“We are in no need of a donation right now because we are receiving fuel from [the United Nations refugee agency] the UNHCR. But who knows? We might need it in the coming months. The problem is that they [Hezbollah] have announced that their donations are only for the first month [of Iranian fuel deliveries],” the hospital’s head, Hassan Wazni, told L’Orient Today.
A spokesperson for the Lebanese Red Cross said his organization had declined the fuel donation. “The LRC has already secured enough fuel supplies for the short term to continue our services. We have thanked Al-Amana for their trust and support but have not accepted further fuel donations as others need them more,” the spokesperson told L’Orient Today via WhatsApp.
The spokesperson declined to specify where the LRC received its current fuel stocks from, saying only, “The International Movement of the Red Cross and Red Crescent [has] … 100,000+ individual donors from across the world.”
A spokesperson for the Civil Defense, another major public institution targeted for fuel donations, told L’Orient Today that he did not know whether the institution had received an Iranian fuel donation.
The head of the South Lebanon Water Establishment, which provides water services to villages in southern Lebanon, including Nabatieh, said the facility has not yet received an Iranian fuel donation but is expecting Al-Amana to supply it with fuel soon.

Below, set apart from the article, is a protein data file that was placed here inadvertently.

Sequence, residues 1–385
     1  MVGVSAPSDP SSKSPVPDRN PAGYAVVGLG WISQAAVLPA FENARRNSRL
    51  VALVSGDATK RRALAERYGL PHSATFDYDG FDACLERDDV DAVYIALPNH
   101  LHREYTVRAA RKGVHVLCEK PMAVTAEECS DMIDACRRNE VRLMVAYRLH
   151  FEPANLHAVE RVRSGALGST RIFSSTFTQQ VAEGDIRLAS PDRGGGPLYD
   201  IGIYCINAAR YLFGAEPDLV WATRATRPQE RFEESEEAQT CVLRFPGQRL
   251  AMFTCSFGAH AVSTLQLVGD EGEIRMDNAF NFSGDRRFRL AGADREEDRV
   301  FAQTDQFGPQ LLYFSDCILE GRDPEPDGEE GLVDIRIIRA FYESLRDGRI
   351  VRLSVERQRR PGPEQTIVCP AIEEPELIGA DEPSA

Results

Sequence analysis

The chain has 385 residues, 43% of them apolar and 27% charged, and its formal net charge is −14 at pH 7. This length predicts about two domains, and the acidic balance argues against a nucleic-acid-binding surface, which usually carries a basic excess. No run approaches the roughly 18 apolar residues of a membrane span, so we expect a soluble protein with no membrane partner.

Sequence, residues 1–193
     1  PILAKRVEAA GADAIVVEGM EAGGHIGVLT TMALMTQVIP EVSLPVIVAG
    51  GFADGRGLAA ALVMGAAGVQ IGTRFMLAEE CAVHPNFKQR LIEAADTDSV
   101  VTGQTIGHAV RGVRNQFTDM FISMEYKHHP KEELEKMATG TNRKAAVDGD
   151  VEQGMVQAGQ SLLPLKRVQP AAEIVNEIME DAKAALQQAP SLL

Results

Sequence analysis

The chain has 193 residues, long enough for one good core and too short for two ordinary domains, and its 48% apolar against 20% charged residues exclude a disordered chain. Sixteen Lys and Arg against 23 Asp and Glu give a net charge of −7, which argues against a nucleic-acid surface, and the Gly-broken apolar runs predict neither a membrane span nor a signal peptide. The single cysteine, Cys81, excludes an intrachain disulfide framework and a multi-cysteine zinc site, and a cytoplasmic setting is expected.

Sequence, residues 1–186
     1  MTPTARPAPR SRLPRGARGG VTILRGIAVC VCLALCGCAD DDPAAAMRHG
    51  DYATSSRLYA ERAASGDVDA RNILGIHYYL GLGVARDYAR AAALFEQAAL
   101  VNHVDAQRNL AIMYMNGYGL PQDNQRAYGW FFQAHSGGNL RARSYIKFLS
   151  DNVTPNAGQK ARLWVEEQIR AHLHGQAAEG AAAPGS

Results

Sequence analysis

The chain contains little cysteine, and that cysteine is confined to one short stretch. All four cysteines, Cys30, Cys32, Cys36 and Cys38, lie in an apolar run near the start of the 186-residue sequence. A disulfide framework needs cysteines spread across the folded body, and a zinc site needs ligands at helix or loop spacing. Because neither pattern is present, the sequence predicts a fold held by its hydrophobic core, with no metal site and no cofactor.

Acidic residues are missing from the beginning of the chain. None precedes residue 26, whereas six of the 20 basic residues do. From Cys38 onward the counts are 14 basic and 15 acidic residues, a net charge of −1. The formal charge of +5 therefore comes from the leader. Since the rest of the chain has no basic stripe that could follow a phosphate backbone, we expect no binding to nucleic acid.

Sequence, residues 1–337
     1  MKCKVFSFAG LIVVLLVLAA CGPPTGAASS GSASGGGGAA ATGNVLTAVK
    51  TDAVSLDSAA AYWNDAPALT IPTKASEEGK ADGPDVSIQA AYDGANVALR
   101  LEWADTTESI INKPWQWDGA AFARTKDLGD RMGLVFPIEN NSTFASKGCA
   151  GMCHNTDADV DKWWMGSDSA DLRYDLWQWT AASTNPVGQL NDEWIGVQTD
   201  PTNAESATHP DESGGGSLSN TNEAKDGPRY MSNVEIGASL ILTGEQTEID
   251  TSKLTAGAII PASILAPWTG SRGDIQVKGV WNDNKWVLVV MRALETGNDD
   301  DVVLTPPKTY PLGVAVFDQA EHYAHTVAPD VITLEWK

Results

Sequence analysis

A spokesperson for the regional facility serving Beirut and Mount Lebanon said Al-Amana had not reached out to it regarding a possible diesel donation, but that it would not accept it without the government’s approval.
“I am not saying that we would never accept a donation of diesel from Al-Amana but our approval depends on the government’s stand,” the establishment’s director, Jean Gebran, told L’Orient Today. “When the government approves, we approve.”
Similarly, North Lebanon Water Establishment Director Khaled Obeid said it had not received any Iranian fuel, and that government officials would make the call whether to accept it if it is offered.
The Bekaa Water Establishment could not be reached for comment.
Of the 10 nursing homes contacted by L’Orient Today about the fuel, only two responded, while several others bounced the question around before finally declining to answer or disconnecting entirely.
A representative from Al-Omr al-Madeed, an elderly care home in Beirut, said it had received two diesel donations from Al-Amana, without specifying the exact quantity.
A representative of the Islamic Elderly Care Hospital said Al-Amana had offered the nursing home an amount that paled in comparison with its needs. “They offered 500 liters of diesel when our consumption is 1,500 liters per day,” the representative said. “They also called Al-Manar to advertise what they’re doing, so we simply thanked them for their service and didn’t accept their diesel,” the source added.
Two special needs centers told L’Orient Today they had not received a diesel donation offer from Al-Amana, while five others did not respond to a request for comment.
Finally, four orphanages did not respond to a request for comment.
To buy or not to buy